“Walking the line”
After experiencing home matches against schools from different areas, it has become apparent that parents need to be reminded of what this wonderful game is all about and the role that they must or mustn’t play as spectators.
Our referees volunteer their time on Saturday mornings and do this thankless task for the love of the game. We are most grateful to these gentlemen who give their Saturday mornings to ref our games. What makes these gentlemen even more special is that they sometimes get shouted at by over-zealous parents and volunteer to referee the following week. These men are limited in supply and we need to look after them.
You see it every Saturday at schools and clubs and even at some provincial venues, supporters traipsing up and down the touchline passionately following play and “living the game” themselves. These folk shout and scream at their players, opposition players and the of course referees. Why do they do it and what do they hope to achieve?
Why can’t parents just let the boy’s play? There is so much good about schoolboy rugby in this country – the sheer number of players taking the field and games taking place each weekend. The history, the derbies and the rivalries are unmatched in world rugby. Where else in the world do you have 20-odd teams from one school traveling across the country to play on an almost weekly basis?
There is unfortunately also so much wrong with schoolboy or amateur rugby and to a large extent it is epitomised by the “Walk the Line” types. Schoolboy rugby should be kept “pure” and the brand of rugby should be open and expansive.
Too often nowadays we see physiotherapists, dieticians and even biokineticists running onto the field of play, while sponsors and parents are meddling off the field. Matches should be devoid of bickering parents and most especially violence. Referees also bear the brunt of much criticism and although they perennially make the blood boil, take a step back and realise that without the ref there would be no game. He didn’t write the laws that even paid professionals cannot make head or tail of. All he is trying to do is enjoy himself and he normally receives no more than a cooldrink for his efforts.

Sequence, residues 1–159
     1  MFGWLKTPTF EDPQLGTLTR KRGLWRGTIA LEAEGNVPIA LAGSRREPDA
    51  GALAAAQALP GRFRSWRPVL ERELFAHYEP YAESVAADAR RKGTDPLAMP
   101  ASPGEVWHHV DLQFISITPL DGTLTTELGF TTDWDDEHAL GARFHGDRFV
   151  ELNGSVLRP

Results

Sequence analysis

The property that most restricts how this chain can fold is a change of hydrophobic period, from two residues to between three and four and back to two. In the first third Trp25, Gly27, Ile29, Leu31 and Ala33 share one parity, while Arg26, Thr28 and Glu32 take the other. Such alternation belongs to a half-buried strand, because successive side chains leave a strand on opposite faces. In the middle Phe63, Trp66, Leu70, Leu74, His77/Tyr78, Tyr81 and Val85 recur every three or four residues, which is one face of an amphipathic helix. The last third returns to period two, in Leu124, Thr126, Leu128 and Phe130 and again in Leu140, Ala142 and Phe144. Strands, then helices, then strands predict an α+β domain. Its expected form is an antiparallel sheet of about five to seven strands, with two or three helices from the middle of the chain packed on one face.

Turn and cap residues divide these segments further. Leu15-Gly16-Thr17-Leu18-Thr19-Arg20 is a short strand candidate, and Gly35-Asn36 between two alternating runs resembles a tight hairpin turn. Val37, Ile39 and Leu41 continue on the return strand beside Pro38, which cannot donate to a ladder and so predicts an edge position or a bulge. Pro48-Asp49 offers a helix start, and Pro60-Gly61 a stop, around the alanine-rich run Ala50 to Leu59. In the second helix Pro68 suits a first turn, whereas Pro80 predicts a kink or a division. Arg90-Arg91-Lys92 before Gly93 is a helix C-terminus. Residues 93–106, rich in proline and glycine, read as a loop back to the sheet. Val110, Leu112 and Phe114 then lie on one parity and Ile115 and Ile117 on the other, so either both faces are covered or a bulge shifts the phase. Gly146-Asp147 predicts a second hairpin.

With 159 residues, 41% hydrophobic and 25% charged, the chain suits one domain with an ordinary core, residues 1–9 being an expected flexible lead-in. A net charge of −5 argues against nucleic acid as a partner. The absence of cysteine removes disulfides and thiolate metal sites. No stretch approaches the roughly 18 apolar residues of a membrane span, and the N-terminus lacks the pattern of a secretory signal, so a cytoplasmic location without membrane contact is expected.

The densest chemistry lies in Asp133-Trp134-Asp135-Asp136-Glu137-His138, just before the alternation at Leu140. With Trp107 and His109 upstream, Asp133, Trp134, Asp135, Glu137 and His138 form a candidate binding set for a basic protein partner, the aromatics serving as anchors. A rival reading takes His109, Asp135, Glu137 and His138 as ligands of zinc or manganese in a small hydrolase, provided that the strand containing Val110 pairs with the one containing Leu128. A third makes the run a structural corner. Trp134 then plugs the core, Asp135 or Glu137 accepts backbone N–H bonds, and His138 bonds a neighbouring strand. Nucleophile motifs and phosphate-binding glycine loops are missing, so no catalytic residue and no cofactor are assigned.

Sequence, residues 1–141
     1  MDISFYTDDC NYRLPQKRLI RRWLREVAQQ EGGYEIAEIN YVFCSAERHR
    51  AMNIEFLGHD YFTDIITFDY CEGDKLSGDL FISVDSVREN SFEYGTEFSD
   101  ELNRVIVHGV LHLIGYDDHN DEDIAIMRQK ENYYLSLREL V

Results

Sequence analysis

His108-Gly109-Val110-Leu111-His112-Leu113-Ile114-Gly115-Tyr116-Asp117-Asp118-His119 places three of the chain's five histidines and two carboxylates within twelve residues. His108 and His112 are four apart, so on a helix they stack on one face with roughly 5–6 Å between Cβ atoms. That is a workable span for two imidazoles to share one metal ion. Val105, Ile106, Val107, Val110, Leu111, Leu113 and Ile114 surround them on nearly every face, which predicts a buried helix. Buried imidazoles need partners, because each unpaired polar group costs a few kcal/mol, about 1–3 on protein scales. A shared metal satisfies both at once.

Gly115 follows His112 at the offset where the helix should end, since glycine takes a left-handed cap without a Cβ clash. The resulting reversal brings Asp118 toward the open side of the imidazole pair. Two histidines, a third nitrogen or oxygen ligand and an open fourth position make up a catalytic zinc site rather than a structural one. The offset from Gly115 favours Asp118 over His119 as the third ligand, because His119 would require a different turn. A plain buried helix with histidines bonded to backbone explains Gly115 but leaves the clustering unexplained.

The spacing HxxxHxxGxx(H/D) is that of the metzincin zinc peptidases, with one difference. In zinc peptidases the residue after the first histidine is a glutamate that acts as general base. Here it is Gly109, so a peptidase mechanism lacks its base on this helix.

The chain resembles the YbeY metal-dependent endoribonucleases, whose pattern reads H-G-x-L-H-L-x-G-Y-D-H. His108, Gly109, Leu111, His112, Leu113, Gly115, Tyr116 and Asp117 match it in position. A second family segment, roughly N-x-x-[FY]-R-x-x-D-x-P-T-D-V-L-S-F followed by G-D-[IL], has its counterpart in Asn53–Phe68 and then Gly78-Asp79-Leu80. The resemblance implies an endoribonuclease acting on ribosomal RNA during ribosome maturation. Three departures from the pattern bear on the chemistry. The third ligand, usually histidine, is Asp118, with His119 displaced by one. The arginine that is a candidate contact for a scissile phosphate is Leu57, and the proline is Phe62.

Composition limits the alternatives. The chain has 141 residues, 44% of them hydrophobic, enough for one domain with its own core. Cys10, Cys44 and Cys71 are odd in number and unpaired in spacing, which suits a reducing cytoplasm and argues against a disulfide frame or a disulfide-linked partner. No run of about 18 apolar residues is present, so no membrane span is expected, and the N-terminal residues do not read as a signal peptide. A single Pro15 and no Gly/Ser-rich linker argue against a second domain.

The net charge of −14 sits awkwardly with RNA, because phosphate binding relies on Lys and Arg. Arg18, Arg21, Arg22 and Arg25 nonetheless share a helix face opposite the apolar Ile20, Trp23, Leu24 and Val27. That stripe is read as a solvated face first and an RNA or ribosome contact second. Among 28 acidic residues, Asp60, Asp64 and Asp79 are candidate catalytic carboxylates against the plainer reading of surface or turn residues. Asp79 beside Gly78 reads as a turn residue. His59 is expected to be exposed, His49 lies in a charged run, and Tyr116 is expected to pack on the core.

Rugby is a unique team sport in that it has a place for everyone from the plump prop in the front-row to the speedsters out wide. It brings together boys from different backgrounds to play for a collective goal. Lets enjoy the game for what it is – just a game and relish in the fact that our kids have the opportunity to go out every weekend and have fun!
We encourage our parents to continue supporting in a good manner and realise that sometimes referees make mistakes or interpret the laws slightly differently, especially the tackle law or that they are right and you are wrong. Do you know all 22 laws of the game which are covered in 120 pages of the Law Book and the frequent amendments?
We hope to see you all out on Saturday mornings supporting your boys in the true spirit of the game, as we have come to expect of our parents and those of our Southern Suburb rivals.
written by Graeme Wepener